Fair cable deal for Baltimore County Internet and fiber optics: Taxpayers should profit from Comcast's new ventures.

November 10, 1997

CONSIDERABLE CONFUSION surrounds Baltimore County's new franchise agreement with Comcast Cablevision. More than a few cable TV subscribers assume, wrongly, that a recent 6-percent cable television rate hike was Comcast's way of passing on costs of the new agreement, which hasn't even been voted on yet.

If the County Council does approve it, the county would get 5 percent of Comcast profits from any service offered through its new fiber optic network. The rate increase is connected to the costs of the fiber optic upgrade, not to the agreement.

The non-exclusive deal looks like a good thing for taxpayers. Under the existing 15-year agreement, Baltimore County gets 5 percent of Comcast's television revenues. It is essentially a rental fee, as large as federal law allows, for use of public rights-of-way.

Baltimore County was able to swing a deal applying the fee to fiber-optic services because Comcast wanted another long-term contract to protect its investment. This deal ensures that taxpayers -- including those without cable -- will reap some benefit from the use of public property by the cable industry.

The county will be guaranteed revenue from everything from high-speed Internet access to sales of products on the QVC channel, which Comcast owns. The agreement also calls for Comcast to provide fiber optic service to all county schools and libraries. Cable industry analysts say the deal appears to be a fair one.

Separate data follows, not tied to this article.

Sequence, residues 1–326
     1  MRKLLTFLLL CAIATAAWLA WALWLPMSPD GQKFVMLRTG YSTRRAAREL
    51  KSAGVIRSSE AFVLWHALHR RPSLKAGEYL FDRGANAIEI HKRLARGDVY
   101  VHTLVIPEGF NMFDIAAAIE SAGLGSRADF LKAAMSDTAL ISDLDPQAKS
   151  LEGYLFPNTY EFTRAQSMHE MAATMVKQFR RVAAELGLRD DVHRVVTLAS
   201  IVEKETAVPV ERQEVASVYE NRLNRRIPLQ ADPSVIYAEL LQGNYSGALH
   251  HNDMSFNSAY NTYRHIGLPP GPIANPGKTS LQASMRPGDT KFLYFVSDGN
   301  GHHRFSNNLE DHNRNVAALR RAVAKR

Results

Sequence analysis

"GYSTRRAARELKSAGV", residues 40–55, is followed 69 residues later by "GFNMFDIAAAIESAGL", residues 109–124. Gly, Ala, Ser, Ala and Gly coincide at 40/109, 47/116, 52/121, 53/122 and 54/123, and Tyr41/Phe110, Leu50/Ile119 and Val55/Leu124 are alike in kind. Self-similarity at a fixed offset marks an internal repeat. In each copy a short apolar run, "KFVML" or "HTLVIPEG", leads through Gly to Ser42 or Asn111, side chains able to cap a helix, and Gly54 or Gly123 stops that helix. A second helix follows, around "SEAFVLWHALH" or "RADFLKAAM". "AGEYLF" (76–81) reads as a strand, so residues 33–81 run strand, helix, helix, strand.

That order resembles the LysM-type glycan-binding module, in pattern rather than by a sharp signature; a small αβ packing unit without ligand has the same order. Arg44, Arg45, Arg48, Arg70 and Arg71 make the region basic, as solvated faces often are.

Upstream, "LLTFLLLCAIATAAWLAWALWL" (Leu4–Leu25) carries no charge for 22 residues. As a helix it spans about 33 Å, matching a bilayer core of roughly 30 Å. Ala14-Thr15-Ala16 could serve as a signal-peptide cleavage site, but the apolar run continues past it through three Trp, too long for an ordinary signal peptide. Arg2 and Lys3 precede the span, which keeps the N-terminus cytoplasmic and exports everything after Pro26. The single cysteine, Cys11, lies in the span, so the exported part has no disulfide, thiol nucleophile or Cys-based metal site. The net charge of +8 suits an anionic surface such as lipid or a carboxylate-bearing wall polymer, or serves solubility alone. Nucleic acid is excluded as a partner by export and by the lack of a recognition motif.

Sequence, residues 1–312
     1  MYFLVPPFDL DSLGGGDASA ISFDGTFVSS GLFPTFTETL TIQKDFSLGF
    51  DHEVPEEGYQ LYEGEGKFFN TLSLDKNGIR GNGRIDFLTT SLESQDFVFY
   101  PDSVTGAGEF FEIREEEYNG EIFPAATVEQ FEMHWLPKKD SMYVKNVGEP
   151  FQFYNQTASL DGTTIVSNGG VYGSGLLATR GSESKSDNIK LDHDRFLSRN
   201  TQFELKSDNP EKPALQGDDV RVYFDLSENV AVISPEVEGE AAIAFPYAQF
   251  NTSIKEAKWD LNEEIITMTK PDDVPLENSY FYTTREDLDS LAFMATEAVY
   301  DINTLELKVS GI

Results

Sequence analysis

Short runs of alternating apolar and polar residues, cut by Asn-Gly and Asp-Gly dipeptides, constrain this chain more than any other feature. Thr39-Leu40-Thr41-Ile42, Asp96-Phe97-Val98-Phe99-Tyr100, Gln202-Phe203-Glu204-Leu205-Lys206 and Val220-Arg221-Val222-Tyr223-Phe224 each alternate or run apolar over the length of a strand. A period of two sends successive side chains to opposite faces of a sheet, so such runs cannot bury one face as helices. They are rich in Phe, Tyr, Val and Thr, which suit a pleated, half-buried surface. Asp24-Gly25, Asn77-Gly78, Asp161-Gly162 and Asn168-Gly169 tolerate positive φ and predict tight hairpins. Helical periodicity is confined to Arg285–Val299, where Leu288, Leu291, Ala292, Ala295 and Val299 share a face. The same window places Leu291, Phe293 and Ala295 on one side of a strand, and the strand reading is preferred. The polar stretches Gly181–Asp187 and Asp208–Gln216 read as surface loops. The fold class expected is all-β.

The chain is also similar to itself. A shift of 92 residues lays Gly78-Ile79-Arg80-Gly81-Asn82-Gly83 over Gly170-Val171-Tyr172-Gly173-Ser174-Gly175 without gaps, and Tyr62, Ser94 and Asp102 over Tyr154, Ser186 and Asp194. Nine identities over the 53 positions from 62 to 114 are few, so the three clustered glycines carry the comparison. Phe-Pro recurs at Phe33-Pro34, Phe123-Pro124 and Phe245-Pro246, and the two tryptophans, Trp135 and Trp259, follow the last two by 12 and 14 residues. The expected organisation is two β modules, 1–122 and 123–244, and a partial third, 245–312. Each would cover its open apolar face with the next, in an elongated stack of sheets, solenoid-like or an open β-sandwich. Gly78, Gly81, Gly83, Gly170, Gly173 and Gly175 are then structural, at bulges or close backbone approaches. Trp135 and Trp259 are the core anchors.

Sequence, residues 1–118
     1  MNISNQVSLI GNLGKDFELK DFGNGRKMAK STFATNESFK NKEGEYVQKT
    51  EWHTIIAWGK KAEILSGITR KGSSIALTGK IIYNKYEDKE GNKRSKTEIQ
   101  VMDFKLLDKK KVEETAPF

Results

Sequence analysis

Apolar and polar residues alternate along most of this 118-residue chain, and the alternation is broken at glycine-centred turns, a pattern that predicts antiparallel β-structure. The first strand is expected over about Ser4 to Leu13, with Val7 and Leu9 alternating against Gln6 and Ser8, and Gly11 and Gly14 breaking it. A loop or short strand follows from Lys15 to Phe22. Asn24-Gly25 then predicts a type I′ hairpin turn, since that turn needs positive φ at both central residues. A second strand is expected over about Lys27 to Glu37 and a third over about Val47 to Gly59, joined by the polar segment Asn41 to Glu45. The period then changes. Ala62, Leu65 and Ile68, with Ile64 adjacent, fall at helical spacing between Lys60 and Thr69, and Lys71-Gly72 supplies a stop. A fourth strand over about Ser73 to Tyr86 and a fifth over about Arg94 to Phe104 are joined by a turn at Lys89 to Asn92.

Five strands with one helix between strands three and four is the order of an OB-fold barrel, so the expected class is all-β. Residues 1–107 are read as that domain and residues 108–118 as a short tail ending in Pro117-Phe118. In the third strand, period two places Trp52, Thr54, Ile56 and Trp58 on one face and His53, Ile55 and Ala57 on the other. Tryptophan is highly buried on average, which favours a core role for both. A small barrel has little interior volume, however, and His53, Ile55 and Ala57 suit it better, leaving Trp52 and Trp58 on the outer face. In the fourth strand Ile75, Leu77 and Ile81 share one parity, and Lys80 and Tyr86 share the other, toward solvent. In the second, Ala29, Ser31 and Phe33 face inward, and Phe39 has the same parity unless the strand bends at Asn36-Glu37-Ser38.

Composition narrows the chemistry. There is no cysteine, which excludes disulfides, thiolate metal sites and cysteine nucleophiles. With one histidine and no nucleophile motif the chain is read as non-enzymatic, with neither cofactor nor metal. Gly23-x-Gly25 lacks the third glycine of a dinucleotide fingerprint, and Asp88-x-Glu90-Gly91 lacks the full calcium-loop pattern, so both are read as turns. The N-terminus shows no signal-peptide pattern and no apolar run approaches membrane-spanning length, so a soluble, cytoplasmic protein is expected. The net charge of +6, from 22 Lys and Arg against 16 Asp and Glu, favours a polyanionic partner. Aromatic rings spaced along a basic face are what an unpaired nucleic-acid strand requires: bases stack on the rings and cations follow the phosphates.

The widespread fear is that cable companies will try to recoup the cost of franchise agreements by asking customers to pay for it, especially since many companies, including Comcast, maintain virtual monopolies on local markets. This allows them to raise rates more freely than in a competitive environment.

Some area cable companies have indeed jacked up prices and blamed the increase on the government fee. This is an irresponsible ploy. Cable companies can't expect to use public rights-of-way for free any more than a shopkeeper should expect to operate out of someone else's building without paying rent.

Pub Date: 11/10/97

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